Referring now to Figures 10 and 11 in particular, it will be seen that secured to the inner surface of the side wall 14 in alignment with the mounting bracket 150 is a horizontally disposed Z-shaped mounting bracket 154.

i The mounting bracket 154 includes a horizontally disposed inner flange 156 which has a recess 158 in the upper edge thereof in which the opposite end portion of the shaft 146 is rotatably mounted. The shaft 146 is retained within the notch 158 by a retaining member 160 pivotally secured to the inner surface of the side wall 14 by a pivot pin 162. The retaining member 160 has a lower camrn'ing surf e lflwhich P dt ward movement of the shaft 146.

, In order that the spit 144 may be rotated, the end of the shaft 146 adjacent the side wall 14 'isprovided with ,a gear 166, the gear :166 being disposed between the flange 156 and theside wall 14. The ,gear 166 is intermeshed with a gear 168 mounted on a drive shaft 170 of an 9 electric motor 172. v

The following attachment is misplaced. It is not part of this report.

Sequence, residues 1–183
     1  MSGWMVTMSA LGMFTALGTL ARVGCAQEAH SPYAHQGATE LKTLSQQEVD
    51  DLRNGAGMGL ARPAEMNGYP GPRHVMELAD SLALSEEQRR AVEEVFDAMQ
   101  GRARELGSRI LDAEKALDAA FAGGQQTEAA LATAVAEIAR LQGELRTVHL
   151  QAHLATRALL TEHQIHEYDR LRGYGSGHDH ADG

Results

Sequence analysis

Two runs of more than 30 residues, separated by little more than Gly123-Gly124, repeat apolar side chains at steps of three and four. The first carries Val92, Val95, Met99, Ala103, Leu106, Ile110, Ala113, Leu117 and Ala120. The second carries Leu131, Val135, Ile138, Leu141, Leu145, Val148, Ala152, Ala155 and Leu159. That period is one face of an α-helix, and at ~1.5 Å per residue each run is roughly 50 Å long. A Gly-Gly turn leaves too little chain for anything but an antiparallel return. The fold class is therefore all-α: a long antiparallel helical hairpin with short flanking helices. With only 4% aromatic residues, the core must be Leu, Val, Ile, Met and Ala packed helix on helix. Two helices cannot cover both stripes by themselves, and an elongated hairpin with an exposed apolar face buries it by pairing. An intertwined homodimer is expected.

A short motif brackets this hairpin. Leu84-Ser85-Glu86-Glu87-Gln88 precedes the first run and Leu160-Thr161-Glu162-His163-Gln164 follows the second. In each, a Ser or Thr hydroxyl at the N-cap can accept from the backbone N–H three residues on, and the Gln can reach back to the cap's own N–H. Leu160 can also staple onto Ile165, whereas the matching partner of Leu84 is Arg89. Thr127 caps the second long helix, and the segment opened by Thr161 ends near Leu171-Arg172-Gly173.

The electric motor172 is positioned externally of the cookingrange 10 and is secured to'the sidewall 14by below. It will also be understood that the side wall 14 is also provided with another Z-shaped mounting bracket identical to the Z-shaped mounting bracket 154, the Z-shaped mounting bracket 185 being in horizontal alignment with the mounting bracket 184 and is intended to receive an opposite end of the shaft 146. The side wall 14 is also provided with a lower set of apertures 186, 188, and which correspond to the apertures 176 and 180, and the opening 182, respectively, in order that the electric motor 172 may be properly positioned for driving the spit 144 when it is disposed immediately above the the oven may be smoked.

By properly controlling the arrangements of the doors 36 and the dampers 140, the cooking range may be utilized to produce a maximum elficiency with the doors 62 and 108 in their closed positions. Also, the cooking range 16 may be utilized onrainy days with these doors closed.